LandTrust hopes to buy 4,700 acres of Alcoa land near Yadkin River

Published 12:10 am Monday, December 5, 2016

By Josh Bergeron
josh.bergeron@salisburypost.com

When federal regulators granted a long-term operating license to Alcoa in October, the LandTrust for Central North Carolina leapt into action.

Now, the LandTrust is in the first stages of an effort to raise millions of dollars to conserve 4,700 acres of land held by Alcoa.

Prior to obtaining its federal license in September, Alcoa signed an agreement with a number of groups, including the LandTrust, that requires the donation or sale of thousands of acres near the Yadkin River. The LandTrust aims to buy and conserve 4,700 acres spread throughout Davie, Davison, Rowan and Montgomery counties. The purchase price is $16.2 million, said LandTrust Executive Director Travis Morehead.

Morehead said the purchase would be the “single largest conservation project” in the Piedmont of North Carolina. It would help preserve the watershed that provides drinking water for the Salisbury-Rowan Utilities System and others, he said.

“I don’t think you’ll find another project that rivals the number of acres that are on the table right now,” he said.

He said the LandTrust’s efforts to buy the properties near the Yadkin River date back years, but only recently ramped up because of the final license for Alcoa, which plans to transfer its dams to Maryland-based Cube Hydro.

If successful, the purchase would more than double the amount of land owned by the LandTrust, which currently sits at about 3,000 acres. It would be close to 25 percent of the land conserved by the LandTrust during the past 21 years, Morehead said.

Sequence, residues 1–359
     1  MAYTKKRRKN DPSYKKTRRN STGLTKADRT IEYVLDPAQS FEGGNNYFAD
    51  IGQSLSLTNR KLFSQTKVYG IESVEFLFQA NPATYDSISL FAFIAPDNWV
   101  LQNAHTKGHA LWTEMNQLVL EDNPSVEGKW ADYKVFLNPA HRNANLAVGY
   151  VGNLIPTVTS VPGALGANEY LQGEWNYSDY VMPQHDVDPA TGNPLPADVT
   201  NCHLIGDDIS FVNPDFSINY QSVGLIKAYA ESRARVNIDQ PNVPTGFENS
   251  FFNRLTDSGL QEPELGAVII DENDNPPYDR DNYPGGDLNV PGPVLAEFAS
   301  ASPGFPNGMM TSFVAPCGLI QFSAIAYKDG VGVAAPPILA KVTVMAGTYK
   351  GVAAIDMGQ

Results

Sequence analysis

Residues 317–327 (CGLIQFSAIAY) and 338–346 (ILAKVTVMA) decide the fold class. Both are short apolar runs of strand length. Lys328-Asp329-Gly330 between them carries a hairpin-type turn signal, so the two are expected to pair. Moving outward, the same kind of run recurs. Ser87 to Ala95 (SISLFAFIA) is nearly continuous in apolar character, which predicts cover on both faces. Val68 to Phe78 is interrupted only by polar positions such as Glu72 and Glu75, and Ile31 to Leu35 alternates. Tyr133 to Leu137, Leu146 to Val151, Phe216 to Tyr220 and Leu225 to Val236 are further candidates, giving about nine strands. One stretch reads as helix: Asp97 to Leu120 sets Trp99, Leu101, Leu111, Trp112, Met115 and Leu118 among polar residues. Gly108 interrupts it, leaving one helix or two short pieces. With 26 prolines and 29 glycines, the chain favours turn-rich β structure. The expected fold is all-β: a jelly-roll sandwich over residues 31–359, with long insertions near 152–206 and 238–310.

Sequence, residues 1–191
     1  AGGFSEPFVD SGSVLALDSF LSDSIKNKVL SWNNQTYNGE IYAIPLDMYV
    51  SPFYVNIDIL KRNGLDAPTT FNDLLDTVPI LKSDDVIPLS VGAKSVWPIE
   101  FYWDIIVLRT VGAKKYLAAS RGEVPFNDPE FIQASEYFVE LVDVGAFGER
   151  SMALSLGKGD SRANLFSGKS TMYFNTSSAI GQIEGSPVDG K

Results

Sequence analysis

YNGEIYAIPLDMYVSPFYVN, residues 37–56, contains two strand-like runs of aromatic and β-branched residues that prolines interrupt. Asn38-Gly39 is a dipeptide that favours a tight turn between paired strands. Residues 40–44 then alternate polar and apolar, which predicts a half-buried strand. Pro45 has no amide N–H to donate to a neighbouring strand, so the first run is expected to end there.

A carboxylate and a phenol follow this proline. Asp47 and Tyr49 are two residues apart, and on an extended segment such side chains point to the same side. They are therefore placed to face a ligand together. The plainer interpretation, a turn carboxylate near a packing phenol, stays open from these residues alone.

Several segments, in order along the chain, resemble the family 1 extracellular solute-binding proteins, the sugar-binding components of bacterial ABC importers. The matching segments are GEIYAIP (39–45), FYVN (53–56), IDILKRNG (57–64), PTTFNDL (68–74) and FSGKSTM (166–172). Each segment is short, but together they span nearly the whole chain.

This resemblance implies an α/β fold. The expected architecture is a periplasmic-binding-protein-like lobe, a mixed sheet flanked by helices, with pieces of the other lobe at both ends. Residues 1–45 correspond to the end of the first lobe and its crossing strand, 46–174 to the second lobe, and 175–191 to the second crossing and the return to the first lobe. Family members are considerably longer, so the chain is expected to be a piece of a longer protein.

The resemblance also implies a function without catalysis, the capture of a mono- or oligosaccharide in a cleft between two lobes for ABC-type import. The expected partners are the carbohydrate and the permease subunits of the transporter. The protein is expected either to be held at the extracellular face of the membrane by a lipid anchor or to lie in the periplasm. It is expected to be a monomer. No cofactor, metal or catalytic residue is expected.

If the LandTrust isn’t able to raise the $16.2 million, Morehead said the land could be sold “on the open market.” It could lead to commercial development near the river, he said.

He said the LandTrust hasn’t formally started a public fundraising campaign. The LandTrust has only met privately with various donors, he said. The LandTrust will also look for state funding to help pay for the project, he said.

“It’s really an elephant and you’re trying to eat it one bite at a time,” he said.

For his part, Yadkin Riverkeeper Will Scott says Alcoa shouldn’t sell the land for the $16.2 million price tag.

“After the hundreds of millions of dollars Alcoa has made off the Yadkin River, free of charge, they should be donating this land or, at a minimum, selling it at a deep discount that reflects the debt they owe to the people of North Carolina for decades of free use of this public resource,” Scott said. “I think that protecting land is one of the best tools to ensure water quality long term.”

A map provided by the LandTrust shows the land it aims to buy consists of slivers and clusters in various places along the Yadkin River, High Rock Lake and Tuckertown Reservoir.

There’s a jagged portion of land that stretches from the northwestern corner of Montgomery County to an area in Davidson County near High Rock Dam. A couple pieces of land are in the Dukeville area. A few pieces sit between Grants Creek and Interstate 85. A long portion in Davidson County stretches from I-85 to a split in the Yadkin River. The remaining parcels surround the confluence of Davie, Davidson and Rowan counties.

“Looking at the map, they may look like little slivers, but they are pretty big parcels,” Morehead said.

Many people involved with the LandTrust over a period of years deserve credit for getting negotiations to their current point, he said.

Morehead said the LandTrust hasn’t decided about the exact uses of the land if it’s purchased. He listed trails, hunting and other types of public access as likely uses.

Contact reporter Josh Bergeron at 704-797-4246.

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